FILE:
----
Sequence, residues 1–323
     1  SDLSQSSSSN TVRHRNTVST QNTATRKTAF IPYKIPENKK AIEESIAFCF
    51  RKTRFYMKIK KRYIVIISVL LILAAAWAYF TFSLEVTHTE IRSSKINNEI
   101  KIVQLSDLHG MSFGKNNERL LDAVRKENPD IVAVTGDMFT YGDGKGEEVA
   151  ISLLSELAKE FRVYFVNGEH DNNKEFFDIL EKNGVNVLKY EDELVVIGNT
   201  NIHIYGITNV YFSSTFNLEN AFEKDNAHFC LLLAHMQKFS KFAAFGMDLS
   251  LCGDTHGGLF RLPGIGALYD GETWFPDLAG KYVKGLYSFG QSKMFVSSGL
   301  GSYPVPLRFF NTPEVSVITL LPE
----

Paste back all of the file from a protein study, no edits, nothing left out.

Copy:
Sequence, residues 1–323
     1  SDLSQSSSSN TVRHRNTVST QNTATRKTAF IPYKIPENKK AIEESIAFCF
    51  RKTRFYMKIK KRYIVIISVL LILAAAWAYF TFSLEVTHTE IRSSKINNEI
   101  KIVQLSDLHG MSFGKNNERL LDAVRKENPD IVAVTGDMFT YGDGKGEEVA
   151  ISLLSELAKE FRVYFVNGEH DNNKEFFDIL EKNGVNVLKY EDELVVIGNT
   201  NIHIYGITNV YFSSTFNLEN AFEKDNAHFC LLLAHMQKFS KFAAFGMDLS
   251  LCGDTHGGLF RLPGIGALYD GETWFPDLAG KYVKGLYSFG QSKMFVSSGL
   301  GSYPVPLRFF NTPEVSVITL LPE